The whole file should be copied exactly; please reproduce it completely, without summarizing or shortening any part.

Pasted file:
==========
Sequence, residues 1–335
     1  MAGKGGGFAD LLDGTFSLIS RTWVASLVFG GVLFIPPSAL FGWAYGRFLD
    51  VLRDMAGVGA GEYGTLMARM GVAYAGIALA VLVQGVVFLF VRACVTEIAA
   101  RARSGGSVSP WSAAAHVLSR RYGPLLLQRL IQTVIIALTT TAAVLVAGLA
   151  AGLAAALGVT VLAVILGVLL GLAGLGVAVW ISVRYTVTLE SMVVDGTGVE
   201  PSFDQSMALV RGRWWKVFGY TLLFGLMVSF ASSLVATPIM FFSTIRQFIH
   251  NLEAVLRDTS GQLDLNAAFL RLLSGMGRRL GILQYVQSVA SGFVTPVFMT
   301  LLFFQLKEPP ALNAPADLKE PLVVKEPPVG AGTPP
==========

Sequence, residues 1–335
     1  MAGKGGGFAD LLDGTFSLIS RTWVASLVFG GVLFIPPSAL FGWAYGRFLD
    51  VLRDMAGVGA GEYGTLMARM GVAYAGIALA VLVQGVVFLF VRACVTEIAA
   101  RARSGGSVSP WSAAAHVLSR RYGPLLLQRL IQTVIIALTT TAAVLVAGLA
   151  AGLAAALGVT VLAVILGVLL GLAGLGVAVW ISVRYTVTLE SMVVDGTGVE
   201  PSFDQSMALV RGRWWKVFGY TLLFGLMVSF ASSLVATPIM FFSTIRQFIH
   251  NLEAVLRDTS GQLDLNAAFL RLLSGMGRRL GILQYVQSVA SGFVTPVFMT
   301  LLFFQLKEPP ALNAPADLKE PLVVKEPPVG AGTPP